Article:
Bon Appetit!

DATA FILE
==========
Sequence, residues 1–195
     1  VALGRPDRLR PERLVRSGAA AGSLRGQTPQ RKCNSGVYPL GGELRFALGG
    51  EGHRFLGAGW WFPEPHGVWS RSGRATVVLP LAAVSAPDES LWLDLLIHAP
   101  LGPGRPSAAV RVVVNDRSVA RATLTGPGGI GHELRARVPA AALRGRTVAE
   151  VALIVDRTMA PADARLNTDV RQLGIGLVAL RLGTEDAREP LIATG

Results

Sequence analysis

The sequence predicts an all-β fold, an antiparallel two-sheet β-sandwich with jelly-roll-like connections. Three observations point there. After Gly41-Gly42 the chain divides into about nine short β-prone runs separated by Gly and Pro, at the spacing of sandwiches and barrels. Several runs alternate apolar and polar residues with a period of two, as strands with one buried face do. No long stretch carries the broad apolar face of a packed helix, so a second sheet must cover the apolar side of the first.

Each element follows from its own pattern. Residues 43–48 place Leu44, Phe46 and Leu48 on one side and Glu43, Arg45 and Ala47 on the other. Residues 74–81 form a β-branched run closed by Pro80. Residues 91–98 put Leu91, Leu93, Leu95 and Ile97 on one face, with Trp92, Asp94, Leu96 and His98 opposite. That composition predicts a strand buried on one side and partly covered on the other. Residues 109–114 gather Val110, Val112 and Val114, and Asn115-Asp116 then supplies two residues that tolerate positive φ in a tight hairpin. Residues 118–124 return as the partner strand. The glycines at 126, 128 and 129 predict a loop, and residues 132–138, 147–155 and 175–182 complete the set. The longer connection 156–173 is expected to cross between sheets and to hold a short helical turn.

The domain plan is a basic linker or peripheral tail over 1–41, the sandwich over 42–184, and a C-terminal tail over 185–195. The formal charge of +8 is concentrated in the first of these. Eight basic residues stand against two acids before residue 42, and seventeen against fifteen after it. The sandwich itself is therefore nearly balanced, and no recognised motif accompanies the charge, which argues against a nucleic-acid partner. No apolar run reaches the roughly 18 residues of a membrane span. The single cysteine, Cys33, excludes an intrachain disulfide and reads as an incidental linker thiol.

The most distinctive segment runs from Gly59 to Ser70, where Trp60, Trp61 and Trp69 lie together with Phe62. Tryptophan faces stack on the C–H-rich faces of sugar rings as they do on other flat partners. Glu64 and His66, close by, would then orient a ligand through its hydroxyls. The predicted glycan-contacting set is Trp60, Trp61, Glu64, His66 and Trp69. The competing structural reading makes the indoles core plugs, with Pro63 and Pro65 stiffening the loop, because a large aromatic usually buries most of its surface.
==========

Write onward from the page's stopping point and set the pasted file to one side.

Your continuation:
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Endnotes